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Image credit: Maxim Shemetov / REUTERS

Russia set to pass bill requiring ISPs to eavesdrop on customer data

All in the name of good old “anti-terrorism.”
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Headquarters of the State Duma, lower house of parliament, in central Moscow, Russia. Maxim Shemetov / REUTERS

Most of the Russian government's attempts to wrangle the internet sound like humorous tirades -- for example, banning Wikipedia for an article on cannabis. But when they command Twitter and Facebook to store Russian users' data inside the country, we're reminded how much they want to keep tabs on their citizens and control their discourse. Yesterday, lawmakers took the first step in passing a measure into law that would require internet providers to give the government access to customer data.

Under the guise of "anti-terrorism", the bill requires ISPs to store actual customer communications for up to six months, which state officials can requisition. They also have to keep metadata for a year, while telecoms have to keep it for three years. Both must provide backdoor access to encrypted messages, like those exchanged using WhatsApp and Telegram, to the FSB, the security agency that succeeded the KGB.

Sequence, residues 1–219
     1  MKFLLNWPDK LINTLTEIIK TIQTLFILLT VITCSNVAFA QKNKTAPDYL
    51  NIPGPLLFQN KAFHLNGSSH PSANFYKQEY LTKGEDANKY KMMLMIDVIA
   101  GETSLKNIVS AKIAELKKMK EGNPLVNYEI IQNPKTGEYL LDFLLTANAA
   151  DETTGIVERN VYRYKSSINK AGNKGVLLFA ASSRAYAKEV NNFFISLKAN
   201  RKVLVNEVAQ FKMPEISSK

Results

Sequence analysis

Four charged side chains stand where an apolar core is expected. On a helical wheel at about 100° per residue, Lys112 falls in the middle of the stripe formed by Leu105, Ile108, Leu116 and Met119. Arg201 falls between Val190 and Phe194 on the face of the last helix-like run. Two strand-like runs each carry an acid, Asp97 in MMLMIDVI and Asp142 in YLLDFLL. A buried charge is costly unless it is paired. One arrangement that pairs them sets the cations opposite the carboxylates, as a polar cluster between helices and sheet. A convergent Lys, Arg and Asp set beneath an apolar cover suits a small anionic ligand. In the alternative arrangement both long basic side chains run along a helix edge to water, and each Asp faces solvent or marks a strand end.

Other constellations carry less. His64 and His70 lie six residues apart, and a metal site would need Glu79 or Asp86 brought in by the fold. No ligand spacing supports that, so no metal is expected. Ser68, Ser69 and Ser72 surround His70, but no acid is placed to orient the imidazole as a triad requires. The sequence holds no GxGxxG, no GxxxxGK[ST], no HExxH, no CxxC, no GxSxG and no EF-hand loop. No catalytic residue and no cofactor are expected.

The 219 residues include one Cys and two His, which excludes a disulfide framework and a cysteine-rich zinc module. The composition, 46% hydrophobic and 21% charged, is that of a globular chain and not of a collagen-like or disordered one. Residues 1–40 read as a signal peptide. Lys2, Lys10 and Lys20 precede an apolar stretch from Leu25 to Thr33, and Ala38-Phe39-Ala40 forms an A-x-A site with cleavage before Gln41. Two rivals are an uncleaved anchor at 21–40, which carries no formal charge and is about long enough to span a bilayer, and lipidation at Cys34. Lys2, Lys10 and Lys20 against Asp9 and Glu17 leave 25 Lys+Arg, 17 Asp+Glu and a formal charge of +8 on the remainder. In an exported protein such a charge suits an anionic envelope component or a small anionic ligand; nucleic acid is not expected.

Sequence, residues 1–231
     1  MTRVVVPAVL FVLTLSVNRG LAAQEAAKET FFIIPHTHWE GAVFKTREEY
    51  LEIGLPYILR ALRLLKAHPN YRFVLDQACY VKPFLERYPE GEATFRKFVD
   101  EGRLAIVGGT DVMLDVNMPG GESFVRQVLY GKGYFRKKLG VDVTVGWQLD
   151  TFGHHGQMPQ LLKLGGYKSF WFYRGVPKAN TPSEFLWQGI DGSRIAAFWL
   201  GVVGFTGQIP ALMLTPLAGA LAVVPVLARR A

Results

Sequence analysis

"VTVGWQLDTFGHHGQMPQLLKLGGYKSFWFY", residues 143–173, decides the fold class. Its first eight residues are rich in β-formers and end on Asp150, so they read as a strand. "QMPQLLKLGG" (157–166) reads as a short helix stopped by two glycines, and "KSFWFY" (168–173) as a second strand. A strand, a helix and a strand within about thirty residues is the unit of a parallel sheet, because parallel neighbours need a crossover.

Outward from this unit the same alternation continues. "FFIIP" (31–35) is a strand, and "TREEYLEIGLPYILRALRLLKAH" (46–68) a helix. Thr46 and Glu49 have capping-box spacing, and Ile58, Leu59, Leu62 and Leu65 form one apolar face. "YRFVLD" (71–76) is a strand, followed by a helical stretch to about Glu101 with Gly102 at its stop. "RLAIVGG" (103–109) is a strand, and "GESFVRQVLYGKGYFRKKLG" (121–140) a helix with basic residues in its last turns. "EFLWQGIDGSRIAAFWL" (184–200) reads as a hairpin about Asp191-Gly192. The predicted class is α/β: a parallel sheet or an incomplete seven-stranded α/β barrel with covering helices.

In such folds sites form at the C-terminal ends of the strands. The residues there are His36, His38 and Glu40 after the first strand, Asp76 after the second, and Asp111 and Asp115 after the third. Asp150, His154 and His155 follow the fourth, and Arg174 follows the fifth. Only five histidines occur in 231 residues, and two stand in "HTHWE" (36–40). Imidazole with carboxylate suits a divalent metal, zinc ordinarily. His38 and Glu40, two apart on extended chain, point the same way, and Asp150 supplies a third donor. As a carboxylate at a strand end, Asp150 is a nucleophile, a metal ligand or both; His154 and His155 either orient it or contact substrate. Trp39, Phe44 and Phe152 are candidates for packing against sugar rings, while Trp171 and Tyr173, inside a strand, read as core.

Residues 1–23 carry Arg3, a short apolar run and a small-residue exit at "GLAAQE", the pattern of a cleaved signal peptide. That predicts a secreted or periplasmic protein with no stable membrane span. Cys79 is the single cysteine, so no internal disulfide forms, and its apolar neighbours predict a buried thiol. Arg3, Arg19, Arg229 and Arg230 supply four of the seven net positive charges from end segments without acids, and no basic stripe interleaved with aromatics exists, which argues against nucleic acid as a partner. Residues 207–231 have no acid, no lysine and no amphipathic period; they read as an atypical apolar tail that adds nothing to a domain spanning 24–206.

But the measure also included stricter controls for social media speech, increasing the prison time for incitement to terrorism to seven years. Most alarming is a brand new charge: Not informing authorities about a crime or terrorism is now itself a criminal offense that carries a sentence of up to a year in prison.

Yesterday's vote on the bill only passed in the lower body of representatives, the Duma, with 277 for, 148 against and one abstaining. Now it goes to Russia's Federal Council and the Kremlin, where it's expected to sail into law, says The Daily Dot. If so, we could see it come into effect in three years. The debate to require encryption backdoors rages on in America, but we may see its effects on Russian civilians and companies before US legislators vote one way or another.

Source: The Daily Dot
Coverage: Fortune
In this article: backdoor, culture, encryption, Russia, security
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